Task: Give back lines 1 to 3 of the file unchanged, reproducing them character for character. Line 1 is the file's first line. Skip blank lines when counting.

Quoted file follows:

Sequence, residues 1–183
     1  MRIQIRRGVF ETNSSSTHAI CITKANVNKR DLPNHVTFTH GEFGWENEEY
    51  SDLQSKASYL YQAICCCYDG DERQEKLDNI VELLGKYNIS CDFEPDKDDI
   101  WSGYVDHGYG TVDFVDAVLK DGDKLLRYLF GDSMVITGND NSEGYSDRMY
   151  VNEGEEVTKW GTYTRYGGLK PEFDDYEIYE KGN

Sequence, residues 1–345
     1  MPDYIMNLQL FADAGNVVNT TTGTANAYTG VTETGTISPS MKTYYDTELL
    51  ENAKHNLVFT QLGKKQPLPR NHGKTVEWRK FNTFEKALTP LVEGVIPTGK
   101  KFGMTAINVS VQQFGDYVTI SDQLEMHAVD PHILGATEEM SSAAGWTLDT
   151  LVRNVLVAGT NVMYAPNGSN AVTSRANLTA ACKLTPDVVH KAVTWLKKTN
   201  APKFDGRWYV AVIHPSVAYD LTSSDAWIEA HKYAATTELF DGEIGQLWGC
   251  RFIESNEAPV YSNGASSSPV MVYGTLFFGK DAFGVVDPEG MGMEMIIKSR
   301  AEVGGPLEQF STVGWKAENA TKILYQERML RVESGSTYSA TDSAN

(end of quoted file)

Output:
Sequence, residues 1–183
     1  MRIQIRRGVF ETNSSSTHAI CITKANVNKR DLPNHVTFTH GEFGWENEEY
    51  SDLQSKASYL YQAICCCYDG DERQEKLDNI VELLGKYNIS CDFEPDKDDI